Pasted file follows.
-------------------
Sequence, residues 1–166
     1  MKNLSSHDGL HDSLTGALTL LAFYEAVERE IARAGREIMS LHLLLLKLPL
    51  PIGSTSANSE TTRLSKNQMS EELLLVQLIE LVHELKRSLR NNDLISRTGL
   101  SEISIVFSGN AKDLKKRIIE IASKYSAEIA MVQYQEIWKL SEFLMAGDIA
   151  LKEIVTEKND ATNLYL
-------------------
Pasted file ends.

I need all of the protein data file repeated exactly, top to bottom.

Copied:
Sequence, residues 1–166
     1  MKNLSSHDGL HDSLTGALTL LAFYEAVERE IARAGREIMS LHLLLLKLPL
    51  PIGSTSANSE TTRLSKNQMS EELLLVQLIE LVHELKRSLR NNDLISRTGL
   101  SEISIVFSGN AKDLKKRIIE IASKYSAEIA MVQYQEIWKL SEFLMAGDIA
   151  LKEIVTEKND ATNLYL